When the chips are down

Andrew McKenzie | November 28, 2012 | 1 Comment
Mickelson

I have often had people ask me to help them with their chipping. When we get to the short game area they proceed to get their 7-iron out and begin hitting bump and run shots all over the place. When I ask them what they are doing, they have a bemused look on their face.

The conventional advice that people who are struggling with their chipping often receive is that the safe bet is to take less loft or even their putter and keep it on the ground unless there is no other alternative. There is no doubt it is a far safer option but it certainly is not the answer to becoming good around the greens. In fact, it is the sort of advice you take on board when you have given up all hope of ever becoming successful at chipping and now you just want to make things less stressful on yourself.

A select few of the top professionals have learned to chip using all the clubs in the bag, often using similar technique and just changing clubs to get the desired ball flight. Most of the top players now, however, will do the majority of their chipping with their most lofted clubs. Phil Mickelson said he uses his lob wedge for almost every shot around the greens and changes the trajectory by altering the ball position and technique rather than changing clubs.

Chipping was always one of my strengths – as a kid I spent endless hours having chipping comps around the practice green. It was always more convenient to have just one club and as a result I too learned to play most of the shots with my most lofted clubs. By doing this I developed an unwavering trust in my lob wedge. I was so confident with it that I loved taking it out of the bag and when it was in my hands I felt like a magician wielding their wand.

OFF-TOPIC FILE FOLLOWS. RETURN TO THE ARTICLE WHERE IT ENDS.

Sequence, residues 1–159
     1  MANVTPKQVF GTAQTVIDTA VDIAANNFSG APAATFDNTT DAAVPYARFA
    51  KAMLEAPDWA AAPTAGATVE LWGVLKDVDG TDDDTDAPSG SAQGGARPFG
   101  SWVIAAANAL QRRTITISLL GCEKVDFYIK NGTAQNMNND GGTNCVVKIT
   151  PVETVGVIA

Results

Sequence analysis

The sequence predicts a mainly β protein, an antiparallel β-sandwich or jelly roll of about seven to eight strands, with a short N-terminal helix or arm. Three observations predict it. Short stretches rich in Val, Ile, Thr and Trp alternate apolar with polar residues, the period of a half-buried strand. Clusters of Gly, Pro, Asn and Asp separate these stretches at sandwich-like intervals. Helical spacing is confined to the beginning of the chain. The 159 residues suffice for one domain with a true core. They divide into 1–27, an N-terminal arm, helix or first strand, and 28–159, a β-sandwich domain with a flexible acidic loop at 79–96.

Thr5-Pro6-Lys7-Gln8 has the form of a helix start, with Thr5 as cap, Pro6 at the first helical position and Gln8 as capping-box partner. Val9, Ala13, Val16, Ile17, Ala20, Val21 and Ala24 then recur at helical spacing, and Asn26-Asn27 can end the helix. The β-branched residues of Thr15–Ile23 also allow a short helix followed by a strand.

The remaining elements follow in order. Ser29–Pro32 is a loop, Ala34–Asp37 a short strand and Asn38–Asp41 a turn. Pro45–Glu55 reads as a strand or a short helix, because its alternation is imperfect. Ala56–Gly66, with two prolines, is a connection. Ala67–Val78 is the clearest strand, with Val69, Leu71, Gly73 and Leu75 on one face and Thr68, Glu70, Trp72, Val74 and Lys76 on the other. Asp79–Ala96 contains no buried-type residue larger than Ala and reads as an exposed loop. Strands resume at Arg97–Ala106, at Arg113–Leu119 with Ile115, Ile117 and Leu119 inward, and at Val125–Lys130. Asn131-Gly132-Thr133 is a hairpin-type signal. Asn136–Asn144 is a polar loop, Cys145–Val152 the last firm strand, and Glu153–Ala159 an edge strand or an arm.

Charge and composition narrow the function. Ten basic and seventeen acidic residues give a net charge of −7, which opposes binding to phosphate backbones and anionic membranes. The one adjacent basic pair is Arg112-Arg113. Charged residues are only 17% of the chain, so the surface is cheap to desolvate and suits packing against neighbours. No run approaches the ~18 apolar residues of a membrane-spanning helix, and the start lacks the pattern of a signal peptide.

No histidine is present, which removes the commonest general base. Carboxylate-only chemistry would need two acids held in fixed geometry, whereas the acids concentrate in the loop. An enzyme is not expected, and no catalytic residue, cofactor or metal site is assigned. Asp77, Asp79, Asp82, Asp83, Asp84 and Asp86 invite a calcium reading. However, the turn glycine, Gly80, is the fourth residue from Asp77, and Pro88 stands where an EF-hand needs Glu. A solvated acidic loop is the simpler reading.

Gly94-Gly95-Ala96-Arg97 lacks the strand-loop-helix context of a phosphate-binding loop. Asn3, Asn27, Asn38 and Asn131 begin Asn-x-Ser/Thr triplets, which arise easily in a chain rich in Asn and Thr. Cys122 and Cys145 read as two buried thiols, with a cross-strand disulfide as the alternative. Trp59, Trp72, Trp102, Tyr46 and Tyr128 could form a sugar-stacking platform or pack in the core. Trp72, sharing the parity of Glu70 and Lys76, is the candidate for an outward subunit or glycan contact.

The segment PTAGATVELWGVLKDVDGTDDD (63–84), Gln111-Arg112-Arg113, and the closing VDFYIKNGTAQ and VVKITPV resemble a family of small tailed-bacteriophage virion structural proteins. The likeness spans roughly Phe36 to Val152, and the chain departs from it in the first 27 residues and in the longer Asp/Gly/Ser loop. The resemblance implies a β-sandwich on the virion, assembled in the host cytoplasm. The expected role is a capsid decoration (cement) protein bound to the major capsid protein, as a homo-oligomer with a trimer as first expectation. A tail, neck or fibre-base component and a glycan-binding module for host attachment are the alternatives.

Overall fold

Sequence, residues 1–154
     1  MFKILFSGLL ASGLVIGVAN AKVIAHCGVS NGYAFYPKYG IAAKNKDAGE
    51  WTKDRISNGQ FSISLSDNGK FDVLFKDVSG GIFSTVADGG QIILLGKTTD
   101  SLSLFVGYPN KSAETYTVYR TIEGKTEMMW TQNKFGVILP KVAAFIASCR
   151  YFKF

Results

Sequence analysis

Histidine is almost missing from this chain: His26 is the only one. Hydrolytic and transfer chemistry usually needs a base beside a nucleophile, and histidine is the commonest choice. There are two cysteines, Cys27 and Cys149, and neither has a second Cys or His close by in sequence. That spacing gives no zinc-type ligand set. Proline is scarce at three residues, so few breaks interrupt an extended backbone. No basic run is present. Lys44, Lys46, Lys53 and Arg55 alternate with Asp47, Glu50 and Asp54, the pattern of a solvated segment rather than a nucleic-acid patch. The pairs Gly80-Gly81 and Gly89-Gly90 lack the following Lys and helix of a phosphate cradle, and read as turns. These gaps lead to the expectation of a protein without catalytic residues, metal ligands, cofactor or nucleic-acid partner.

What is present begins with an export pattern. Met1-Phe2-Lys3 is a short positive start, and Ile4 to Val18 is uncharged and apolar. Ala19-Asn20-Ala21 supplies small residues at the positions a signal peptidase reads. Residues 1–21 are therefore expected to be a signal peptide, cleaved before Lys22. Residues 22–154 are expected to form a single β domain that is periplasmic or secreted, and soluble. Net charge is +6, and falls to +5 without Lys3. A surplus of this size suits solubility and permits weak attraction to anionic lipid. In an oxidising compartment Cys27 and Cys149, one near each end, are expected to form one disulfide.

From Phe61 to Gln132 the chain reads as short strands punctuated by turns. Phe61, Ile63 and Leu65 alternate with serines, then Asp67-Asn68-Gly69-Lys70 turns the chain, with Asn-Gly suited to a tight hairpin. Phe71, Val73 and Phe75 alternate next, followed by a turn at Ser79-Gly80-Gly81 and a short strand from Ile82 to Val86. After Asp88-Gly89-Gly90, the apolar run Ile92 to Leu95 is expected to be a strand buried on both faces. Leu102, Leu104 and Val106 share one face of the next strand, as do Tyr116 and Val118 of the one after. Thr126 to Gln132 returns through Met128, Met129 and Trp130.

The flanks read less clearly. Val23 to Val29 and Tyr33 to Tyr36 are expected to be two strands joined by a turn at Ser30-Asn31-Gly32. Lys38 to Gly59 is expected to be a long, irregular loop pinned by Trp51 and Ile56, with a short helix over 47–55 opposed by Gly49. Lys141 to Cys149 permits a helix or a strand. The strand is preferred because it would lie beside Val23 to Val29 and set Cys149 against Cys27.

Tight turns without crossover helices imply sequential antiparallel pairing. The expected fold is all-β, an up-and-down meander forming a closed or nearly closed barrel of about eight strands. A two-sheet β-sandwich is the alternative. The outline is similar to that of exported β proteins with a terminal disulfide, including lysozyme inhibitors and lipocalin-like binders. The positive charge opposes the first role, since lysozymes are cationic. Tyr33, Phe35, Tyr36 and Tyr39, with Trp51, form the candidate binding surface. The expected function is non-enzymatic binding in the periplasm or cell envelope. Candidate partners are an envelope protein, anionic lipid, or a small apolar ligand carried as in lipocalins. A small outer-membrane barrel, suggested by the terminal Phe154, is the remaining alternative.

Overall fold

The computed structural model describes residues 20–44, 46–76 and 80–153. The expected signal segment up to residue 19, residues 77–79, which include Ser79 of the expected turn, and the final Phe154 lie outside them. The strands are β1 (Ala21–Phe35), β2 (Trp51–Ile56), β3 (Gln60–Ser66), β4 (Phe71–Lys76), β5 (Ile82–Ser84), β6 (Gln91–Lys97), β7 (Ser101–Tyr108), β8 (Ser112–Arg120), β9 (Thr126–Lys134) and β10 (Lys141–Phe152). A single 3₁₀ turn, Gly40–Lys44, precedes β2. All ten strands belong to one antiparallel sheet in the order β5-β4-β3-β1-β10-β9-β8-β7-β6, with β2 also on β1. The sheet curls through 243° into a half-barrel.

When you have two methods that can both potentially be successful there will always be conflicting schools of thought. Those who have problems around the green lose confidence and when this happens you tend to revert to the safest option. If you are reasonably competent around the greens however and not lacking confidence then I would implore you to spend the majority of your time practicing with your wedges and getting comfortable lofting the ball.

During a round of golf, the flags are rarely in the middle of the green; more often than not they will be tucked away in the corners. This means that a poor shot into the green will generally result in either a long putt from one side or a short- sided chip from the other.

If we miss the green and short-side ourselves, it will be a stressful walk to our ball if we are secretly hoping in our mind that we will have a neatly manicured piece of surrounds with nothing impeding our route to the flag. The reality, of course, is that most times when we short-side ourselves we are faced with a little lob shot that requires soft hands and a deft touch. If you have spent time practicing this shot and built some confidence, then it really isn’t as difficult as some people think. But if you have spent all your time with your 9-iron practicing your bump and run shots whilst avoiding your lob wedge, then you are going to be very intimidated–and that’s when disaster looms.